As the cannabis supply chain moves from black to grey and from grey to legitimate markets, a lot of investment is going into existing and new cannabis operations. For those that come from the grey-and black markets, it’s a totally new experience to have to report to various interested parties after years of ‘reporting’ only to themselves. Of course, a lot of new questions arise in respect of business structuring.
The accounting profession has to make sure that investors are protected while the businesses are structured in a way that will not penalize the owners in respect of 280E or any other federal law enforcement issues. Some investment structures are simple – a mere holding company and the owners of the enterprise. There are some very complicated structures out there too – there is no question of a one-size-fits-all solution.
Even when you take two producers who produce the same cultivar in the same state on the same type of property, the answer for them can be completely different based on a host of different variables. If, for example, the business belongs to the family, the S corp structure is an option. It will save self-employment tax 15%, compared to a LLC. If the business belongs to non-related partners, the LLC is the choice, though the partners will pay 15% self-employment tax in addition to income tax.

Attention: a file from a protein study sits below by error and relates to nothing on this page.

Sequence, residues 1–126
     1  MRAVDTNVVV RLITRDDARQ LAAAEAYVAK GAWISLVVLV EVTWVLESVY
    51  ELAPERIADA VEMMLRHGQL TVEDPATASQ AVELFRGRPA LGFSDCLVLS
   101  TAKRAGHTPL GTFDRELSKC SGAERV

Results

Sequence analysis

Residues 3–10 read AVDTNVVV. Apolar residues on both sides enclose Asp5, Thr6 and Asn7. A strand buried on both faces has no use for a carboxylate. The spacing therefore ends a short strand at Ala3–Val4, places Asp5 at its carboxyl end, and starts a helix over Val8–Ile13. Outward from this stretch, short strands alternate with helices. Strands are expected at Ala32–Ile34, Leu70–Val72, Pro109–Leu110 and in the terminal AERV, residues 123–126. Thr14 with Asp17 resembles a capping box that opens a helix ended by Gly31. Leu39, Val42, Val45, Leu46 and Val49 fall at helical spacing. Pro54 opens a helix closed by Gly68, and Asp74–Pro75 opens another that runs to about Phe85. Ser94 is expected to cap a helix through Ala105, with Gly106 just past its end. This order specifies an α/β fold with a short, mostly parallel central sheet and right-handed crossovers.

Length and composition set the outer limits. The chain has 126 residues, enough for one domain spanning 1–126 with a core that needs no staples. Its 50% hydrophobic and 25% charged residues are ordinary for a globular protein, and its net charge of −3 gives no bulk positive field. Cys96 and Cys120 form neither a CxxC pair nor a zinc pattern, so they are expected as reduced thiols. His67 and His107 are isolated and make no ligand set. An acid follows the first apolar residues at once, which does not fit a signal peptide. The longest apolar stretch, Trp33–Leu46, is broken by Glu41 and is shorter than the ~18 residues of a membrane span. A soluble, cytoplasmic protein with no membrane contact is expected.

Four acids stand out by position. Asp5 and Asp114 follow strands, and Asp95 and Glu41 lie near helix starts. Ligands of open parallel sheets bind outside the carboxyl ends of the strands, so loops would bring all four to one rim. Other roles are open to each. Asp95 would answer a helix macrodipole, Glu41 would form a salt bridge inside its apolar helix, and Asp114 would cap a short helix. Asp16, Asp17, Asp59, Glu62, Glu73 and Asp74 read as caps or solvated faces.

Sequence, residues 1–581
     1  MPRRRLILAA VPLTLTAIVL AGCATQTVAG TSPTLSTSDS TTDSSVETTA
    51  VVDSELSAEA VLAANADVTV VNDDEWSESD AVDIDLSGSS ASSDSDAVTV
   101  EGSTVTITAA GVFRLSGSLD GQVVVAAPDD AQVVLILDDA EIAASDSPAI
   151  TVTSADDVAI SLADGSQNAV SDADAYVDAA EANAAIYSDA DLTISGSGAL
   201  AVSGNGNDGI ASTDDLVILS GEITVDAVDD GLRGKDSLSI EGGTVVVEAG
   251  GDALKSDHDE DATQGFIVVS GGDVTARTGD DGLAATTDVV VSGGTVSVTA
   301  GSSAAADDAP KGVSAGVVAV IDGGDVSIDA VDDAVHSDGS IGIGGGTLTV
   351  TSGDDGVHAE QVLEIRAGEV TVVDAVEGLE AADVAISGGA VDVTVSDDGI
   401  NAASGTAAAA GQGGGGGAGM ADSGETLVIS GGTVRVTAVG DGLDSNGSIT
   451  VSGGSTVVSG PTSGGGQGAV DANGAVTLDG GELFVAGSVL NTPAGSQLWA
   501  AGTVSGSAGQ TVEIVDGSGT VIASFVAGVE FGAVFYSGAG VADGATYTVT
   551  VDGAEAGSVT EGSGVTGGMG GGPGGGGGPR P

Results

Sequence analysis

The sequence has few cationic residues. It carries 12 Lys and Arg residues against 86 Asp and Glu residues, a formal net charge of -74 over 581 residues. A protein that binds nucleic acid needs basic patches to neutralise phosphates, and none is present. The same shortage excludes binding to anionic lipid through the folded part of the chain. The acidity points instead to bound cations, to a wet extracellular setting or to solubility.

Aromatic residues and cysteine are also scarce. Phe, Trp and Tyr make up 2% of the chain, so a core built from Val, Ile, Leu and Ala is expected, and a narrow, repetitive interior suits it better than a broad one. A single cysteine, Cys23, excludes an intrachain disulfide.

The industry is new, and there are no roadmaps. There are guidelines for all kinds of industries, of course, but no hard and fast rules, whether you are talking about real estate or non-profits. When you are talking about the cannabis industry; however, you always have to start from scratch.
Discrepancy Between Federal and State Laws
Whenever you are confronted with the differences between state and federal law in respect of cannabis production and distribution, there exist large grey areas that are very hard to define. The grey area and resultant confusion, and the subsequent lack of certainty that goes with it, has a genuine accounting, or call it financial ramification for the cannabis business.
Check Our Tax Planning For U.S. Cannabis Investors
Cannabis As A Going Concern
In a situation where the federal government can close down all cannabis enterprises overnight, there is a nagging question whether a cannabis enterprise can be considered a going concern. Despite this, financial modeling for cannabis enterprises to apply for financial assistance can still be done, although it has to be done on a specific state basis: every state is different.